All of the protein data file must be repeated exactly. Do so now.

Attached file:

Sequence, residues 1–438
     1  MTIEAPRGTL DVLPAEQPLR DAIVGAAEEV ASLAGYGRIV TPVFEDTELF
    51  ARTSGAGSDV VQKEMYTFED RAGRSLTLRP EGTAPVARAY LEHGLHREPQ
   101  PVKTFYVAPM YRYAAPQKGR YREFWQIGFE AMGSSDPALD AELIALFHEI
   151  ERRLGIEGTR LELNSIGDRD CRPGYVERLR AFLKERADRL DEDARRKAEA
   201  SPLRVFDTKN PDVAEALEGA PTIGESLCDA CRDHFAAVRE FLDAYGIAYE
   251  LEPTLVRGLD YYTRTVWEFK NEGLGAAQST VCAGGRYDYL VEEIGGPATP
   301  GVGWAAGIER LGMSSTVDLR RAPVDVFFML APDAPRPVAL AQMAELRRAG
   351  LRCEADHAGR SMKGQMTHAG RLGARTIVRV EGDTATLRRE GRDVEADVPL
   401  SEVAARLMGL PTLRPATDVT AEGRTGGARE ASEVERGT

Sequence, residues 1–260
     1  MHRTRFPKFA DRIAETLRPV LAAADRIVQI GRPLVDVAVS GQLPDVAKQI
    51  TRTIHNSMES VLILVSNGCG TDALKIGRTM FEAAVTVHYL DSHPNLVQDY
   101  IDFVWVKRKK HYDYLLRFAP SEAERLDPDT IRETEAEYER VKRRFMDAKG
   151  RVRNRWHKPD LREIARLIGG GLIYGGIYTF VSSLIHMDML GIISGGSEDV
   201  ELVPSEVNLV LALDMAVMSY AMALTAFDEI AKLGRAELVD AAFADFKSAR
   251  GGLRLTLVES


Sequence, residues 1–438
     1  MTIEAPRGTL DVLPAEQPLR DAIVGAAEEV ASLAGYGRIV TPVFEDTELF
    51  ARTSGAGSDV VQKEMYTFED RAGRSLTLRP EGTAPVARAY LEHGLHREPQ
   101  PVKTFYVAPM YRYAAPQKGR YREFWQIGFE AMGSSDPALD AELIALFHEI
   151  ERRLGIEGTR LELNSIGDRD CRPGYVERLR AFLKERADRL DEDARRKAEA
   201  SPLRVFDTKN PDVAEALEGA PTIGESLCDA CRDHFAAVRE FLDAYGIAYE
   251  LEPTLVRGLD YYTRTVWEFK NEGLGAAQST VCAGGRYDYL VEEIGGPATP
   301  GVGWAAGIER LGMSSTVDLR RAPVDVFFML APDAPRPVAL AQMAELRRAG
   351  LRCEADHAGR SMKGQMTHAG RLGARTIVRV EGDTATLRRE GRDVEADVPL
   401  SEVAARLMGL PTLRPATDVT AEGRTGGARE ASEVERGT

Sequence, residues 1–260
     1  MHRTRFPKFA DRIAETLRPV LAAADRIVQI GRPLVDVAVS GQLPDVAKQI
    51  TRTIHNSMES VLILVSNGCG TDALKIGRTM FEAAVTVHYL DSHPNLVQDY
   101  IDFVWVKRKK HYDYLLRFAP SEAERLDPDT IRETEAEYER VKRRFMDAKG
   151  RVRNRWHKPD LREIARLIGG GLIYGGIYTF VSSLIHMDML GIISGGSEDV
   201  ELVPSEVNLV LALDMAVMSY AMALTAFDEI AKLGRAELVD AAFADFKSAR
   251  GGLRLTLVES